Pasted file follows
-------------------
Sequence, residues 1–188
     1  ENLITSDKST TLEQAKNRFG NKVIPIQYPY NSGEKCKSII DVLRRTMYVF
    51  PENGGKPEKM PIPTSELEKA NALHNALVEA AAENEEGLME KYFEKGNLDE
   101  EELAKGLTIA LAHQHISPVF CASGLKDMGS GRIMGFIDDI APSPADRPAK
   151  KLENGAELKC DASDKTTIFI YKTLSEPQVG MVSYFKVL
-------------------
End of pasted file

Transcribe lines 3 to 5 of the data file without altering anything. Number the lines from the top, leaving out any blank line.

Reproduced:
    51  PENGGKPEKM PIPTSELEKA NALHNALVEA AAENEEGLME KYFEKGNLDE
   101  EELAKGLTIA LAHQHISPVF CASGLKDMGS GRIMGFIDDI APSPADRPAK
   151  KLENGAELKC DASDKTTIFI YKTLSEPQVG MVSYFKVL